OK, so the last time we saw Feyre, she was back in Tamlin’s court, pretending Rhys had been magically manipulating her the whole time she was gone to make her act like she was in love with him, even though she’s really in love with Tamlin. Rhys, of course, knows better because they can still communicate via their mating bond, but Tamlin fell hook, line and sinker for Feyre’s act, although Lucien is less convinced.
Since Tamlin has aligned with the evil king of Hybern in their war against Prythian, Feyre decides to use this time to find out what they’re planning and turn Tamlin’s court against him before skedaddling back to her one, true love, Rhys. She does a pretty marvelous job, made easier by the fact that Tamlin really wants to believe her.
My only quibble with this part of the book was when Tamlin lost his temper and his out-of-control magic threw Feyre across the room with enough force to kill her if she had still been human. That particular move required me to suspend my disbelief more than I thought was reasonable. We’re already team Rhys, and while A Court of Mists and Fury made it clear Tamlin was overly controlling, he had never been physically abusive and I did not find that part believable. I understand Feyre was baiting him, but there were plenty of more believable ways for her to accomplish that.
Honestly, Feyre left the Spring Court a little earlier than I would have liked. I was hoping to see more of her as a spy and Lucien trying to prove she’s a spy, but Lucien turned out to be pretty weak in that department. Oh, well.
So Feyre headed back to Velaris to have lots of sex with Rhys. Seriously, the amount and detail of the sex scenes in this book made it feel like a romance. An adult romance. Not YA. We all know that most teenagers are having sex, but we also need to remember that young readers tend to read up. That means that girls like my 11-year-old cousin are probably picking up this book if it’s marketed as a YA. And I definitely would not recommend this book to pre-teens.
Anyway, when they’re not having mind-blowing sex, Feyre and Rhys are trying to figure out how to win a war in which they are vastly outnumbered. I did appreciate how pertinent the politics in this book were to our current situation. I know Maas must have written it at least a year ago and was probably planning long before that, but having the conflict center around those willing to stand up for people who are less equipped to defend themselves vs. those who feel like the end of human enslavement destroyed the privileges they mistook for rights hit a little too close to home.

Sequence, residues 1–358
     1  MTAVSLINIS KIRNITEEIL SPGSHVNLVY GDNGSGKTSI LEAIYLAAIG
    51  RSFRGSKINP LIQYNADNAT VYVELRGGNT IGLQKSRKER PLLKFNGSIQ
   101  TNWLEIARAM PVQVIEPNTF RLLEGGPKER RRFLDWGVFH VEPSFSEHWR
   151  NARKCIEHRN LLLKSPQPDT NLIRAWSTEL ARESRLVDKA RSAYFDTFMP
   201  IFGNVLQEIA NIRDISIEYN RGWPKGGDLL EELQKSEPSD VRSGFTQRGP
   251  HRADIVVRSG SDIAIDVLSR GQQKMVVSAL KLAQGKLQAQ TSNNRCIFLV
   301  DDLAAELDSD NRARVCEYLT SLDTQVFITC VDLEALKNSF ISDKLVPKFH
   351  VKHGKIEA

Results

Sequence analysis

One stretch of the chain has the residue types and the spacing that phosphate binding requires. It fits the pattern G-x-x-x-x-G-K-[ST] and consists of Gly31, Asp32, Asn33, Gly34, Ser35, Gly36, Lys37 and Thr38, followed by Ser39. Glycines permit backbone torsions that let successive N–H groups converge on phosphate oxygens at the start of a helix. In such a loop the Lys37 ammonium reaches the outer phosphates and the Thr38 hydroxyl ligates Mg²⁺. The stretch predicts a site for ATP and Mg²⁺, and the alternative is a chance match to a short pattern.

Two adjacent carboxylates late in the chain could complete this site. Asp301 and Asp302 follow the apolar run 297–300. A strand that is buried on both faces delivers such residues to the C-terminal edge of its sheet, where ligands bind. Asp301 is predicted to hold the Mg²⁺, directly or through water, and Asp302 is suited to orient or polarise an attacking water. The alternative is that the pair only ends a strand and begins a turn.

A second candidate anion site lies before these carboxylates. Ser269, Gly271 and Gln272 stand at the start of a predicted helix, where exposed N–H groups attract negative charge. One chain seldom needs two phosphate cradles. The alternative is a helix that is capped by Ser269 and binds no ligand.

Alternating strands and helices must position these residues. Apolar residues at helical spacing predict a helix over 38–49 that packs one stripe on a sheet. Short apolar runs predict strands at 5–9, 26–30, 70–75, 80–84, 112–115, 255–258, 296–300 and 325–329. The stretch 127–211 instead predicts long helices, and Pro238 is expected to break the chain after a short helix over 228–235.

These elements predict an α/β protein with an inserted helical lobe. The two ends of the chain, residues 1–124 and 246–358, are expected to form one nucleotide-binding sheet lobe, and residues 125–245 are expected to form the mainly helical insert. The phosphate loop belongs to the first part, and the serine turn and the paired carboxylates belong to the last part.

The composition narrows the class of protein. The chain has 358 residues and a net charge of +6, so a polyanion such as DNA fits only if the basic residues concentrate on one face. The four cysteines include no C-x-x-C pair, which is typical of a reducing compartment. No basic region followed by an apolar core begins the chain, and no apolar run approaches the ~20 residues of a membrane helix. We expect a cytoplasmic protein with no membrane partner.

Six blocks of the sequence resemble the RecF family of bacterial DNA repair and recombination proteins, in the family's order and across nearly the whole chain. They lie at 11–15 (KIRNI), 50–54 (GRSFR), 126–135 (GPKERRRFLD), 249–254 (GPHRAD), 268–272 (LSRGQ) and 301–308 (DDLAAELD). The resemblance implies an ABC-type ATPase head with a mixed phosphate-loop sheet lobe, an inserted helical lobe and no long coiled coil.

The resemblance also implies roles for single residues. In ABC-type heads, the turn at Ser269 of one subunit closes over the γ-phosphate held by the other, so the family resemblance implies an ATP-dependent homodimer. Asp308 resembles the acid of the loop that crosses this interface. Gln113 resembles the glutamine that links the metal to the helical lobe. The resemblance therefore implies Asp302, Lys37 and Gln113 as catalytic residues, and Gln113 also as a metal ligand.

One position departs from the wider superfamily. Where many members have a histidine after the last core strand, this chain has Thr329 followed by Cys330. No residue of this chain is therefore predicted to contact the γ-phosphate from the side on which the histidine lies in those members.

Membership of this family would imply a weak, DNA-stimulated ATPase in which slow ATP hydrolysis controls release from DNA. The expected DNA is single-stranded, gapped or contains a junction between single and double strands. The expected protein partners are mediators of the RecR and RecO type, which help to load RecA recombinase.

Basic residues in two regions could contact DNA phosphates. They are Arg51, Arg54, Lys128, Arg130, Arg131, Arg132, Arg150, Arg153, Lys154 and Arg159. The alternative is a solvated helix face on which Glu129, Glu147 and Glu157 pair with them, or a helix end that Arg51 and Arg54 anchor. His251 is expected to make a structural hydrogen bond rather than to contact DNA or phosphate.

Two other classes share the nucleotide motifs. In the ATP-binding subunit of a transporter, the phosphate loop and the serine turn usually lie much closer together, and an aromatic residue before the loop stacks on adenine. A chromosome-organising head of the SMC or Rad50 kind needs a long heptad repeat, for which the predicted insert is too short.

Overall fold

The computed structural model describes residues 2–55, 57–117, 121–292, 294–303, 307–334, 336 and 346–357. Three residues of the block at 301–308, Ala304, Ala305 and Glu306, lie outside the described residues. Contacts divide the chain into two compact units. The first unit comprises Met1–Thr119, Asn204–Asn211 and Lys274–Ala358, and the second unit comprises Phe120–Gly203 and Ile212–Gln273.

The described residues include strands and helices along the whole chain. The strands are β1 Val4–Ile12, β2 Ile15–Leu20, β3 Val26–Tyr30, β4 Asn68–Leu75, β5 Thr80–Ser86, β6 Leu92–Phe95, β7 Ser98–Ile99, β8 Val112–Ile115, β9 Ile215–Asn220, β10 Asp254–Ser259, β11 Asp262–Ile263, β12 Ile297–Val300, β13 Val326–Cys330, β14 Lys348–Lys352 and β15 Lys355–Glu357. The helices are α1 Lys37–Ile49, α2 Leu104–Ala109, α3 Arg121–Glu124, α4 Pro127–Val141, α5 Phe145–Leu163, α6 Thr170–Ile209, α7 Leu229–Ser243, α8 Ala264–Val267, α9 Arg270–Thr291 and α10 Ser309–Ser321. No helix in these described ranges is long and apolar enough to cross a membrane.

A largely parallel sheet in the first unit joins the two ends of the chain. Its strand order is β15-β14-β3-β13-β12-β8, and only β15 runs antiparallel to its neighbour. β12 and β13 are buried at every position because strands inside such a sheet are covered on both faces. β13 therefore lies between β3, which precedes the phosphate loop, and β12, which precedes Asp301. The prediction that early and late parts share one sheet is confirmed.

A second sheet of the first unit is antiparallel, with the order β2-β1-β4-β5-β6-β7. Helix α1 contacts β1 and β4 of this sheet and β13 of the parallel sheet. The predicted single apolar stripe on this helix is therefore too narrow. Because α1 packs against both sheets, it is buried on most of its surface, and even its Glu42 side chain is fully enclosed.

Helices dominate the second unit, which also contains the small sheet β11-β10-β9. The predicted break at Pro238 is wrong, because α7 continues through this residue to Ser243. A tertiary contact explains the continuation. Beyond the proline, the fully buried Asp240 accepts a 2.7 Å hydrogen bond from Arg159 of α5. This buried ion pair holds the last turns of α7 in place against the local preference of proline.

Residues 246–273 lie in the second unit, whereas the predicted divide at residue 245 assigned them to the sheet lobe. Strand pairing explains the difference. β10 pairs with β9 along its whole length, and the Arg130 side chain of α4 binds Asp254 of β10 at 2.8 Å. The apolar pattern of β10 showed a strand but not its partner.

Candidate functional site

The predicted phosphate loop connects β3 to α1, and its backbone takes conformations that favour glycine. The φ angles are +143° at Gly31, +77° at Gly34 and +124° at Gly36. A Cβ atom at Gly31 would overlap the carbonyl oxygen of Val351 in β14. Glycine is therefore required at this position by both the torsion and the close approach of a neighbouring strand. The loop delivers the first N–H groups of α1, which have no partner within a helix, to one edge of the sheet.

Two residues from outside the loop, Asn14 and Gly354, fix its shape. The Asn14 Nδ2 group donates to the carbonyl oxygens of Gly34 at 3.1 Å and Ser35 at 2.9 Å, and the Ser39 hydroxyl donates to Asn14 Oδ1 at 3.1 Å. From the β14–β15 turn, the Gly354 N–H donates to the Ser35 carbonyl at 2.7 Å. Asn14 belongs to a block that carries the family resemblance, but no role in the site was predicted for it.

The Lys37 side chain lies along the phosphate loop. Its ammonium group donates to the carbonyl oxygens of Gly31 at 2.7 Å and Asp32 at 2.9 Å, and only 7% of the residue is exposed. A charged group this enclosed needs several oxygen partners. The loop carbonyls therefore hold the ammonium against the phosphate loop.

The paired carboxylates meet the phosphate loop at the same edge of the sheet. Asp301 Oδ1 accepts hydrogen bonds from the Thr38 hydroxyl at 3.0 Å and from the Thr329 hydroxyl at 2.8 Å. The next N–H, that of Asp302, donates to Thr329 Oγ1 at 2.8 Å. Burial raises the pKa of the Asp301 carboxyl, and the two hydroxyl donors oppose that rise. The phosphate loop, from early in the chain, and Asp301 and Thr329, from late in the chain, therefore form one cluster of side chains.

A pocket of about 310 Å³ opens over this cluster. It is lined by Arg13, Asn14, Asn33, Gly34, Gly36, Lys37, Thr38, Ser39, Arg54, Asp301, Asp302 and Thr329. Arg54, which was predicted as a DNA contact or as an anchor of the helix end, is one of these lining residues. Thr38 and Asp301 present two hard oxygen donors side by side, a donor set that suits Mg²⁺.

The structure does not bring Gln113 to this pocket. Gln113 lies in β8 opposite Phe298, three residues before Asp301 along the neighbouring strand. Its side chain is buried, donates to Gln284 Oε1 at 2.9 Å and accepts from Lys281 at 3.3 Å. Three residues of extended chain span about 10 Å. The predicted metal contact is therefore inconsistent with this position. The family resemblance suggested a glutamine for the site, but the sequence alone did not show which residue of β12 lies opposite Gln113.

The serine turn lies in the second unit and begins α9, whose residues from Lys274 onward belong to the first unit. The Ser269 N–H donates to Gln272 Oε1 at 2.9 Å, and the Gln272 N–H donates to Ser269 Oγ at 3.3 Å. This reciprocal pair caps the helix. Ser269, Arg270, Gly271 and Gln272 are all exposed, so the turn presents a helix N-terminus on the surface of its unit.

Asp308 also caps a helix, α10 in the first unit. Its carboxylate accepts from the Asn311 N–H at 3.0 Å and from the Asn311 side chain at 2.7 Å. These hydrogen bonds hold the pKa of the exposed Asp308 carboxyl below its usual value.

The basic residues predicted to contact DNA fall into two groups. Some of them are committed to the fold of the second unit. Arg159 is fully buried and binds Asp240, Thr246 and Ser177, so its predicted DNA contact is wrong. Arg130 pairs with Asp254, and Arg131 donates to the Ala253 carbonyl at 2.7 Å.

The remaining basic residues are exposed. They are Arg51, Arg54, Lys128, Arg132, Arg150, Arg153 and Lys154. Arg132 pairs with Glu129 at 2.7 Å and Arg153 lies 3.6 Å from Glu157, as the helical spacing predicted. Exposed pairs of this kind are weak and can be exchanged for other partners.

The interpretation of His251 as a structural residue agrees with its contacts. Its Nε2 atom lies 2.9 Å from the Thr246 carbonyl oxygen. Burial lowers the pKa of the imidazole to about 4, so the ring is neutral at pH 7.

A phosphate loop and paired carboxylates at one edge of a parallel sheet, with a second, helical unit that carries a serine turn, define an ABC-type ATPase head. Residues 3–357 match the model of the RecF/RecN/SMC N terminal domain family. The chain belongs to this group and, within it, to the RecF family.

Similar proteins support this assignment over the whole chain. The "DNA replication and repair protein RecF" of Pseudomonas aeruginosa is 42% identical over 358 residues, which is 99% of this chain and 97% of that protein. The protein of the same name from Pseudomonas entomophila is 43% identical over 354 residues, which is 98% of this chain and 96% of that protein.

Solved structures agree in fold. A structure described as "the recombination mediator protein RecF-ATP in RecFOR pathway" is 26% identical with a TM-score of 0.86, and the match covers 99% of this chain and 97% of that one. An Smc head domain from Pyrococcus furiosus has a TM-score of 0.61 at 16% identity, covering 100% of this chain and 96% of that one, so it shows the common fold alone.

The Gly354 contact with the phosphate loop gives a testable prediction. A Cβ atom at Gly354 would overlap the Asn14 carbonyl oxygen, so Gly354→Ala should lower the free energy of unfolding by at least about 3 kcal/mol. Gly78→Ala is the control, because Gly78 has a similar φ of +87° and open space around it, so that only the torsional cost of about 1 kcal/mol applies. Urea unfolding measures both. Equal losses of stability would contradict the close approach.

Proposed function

In order to try to tip the odds in their favor, Feyre gets the brilliant *that’s sarcasm btw* idea to recruit a few demons the Night Court has collected over the centuries. We’re talking completely wild, immoral, unpredictable, no ties to humanity OR faeries whatsoever kind of demons. So let’s unleash those puppies and hope they mostly kill the other guys? Yeah. Good luck with that.
So yeah, Feyre manages to work her magic (literally) to bind the baddies to her and make sure they fight only for her side. They do win, but it was way too easy. I don’t mean they don’t lose soldiers, I just mean they don’t lose any main characters. They come close a few times so Sarah J. Maas can make you think she might actually be writing something that approaches a real war, but she’s not.
The only significant character we lose is Feyre’s father, and I feel like that was kind of a sellout move because we hardly ever saw him, and when we did see him, he was leaving Feyre and her sisters to fend for themselves. In this book he apparently found his courage out of nowhere, with no explanation, brought a navy over to fight against Hybern, only to be killed by the king of Hybern in front of Feyre and her sister.
Aside from that, Rhys died, but only at the very end when he gave Feyre all his power so she could restore the Cauldron to prevent the end of the world. Then Feyre brought him back to life using the exact same trick they used to bring her back to life two books ago. Come on, Maas, you can’t use the same trick twice, especially one that was totally cheating to begin with!
Along the way, we lose one other main character to the Cauldron, only to have her come back and change her mind? Still not sure how that worked.
Because this is a civil war, it can sometimes be hard to tell who’s going to end up on which side. They’re never sure whether someone is in earnest or working as a spy, but since Rhys and Feyre can both read minds, that seems kind of weak. Literally at one point a spy reveals himself to them and is all, “Rhys, you really thought I would do that? I totally expected you to read my mind to see what was really going on.”
And Rhys basically responded that he had been too lazy to read this guy’s mind, despite their history together. Really?
And at the council no one knows for sure which side Tamlin is really on. So why don’t they just read his mind? They can literally do it without him ever knowing about it and tell everyone after he’s left what they saw in his head.
After all that, I know this isn’t the last book in the series, but it’s the last one I’m going to read. It was fun, but, at 700 pages, it was way too long and in serious need of some editing.
What did you guys read this week? Any other fun sequels?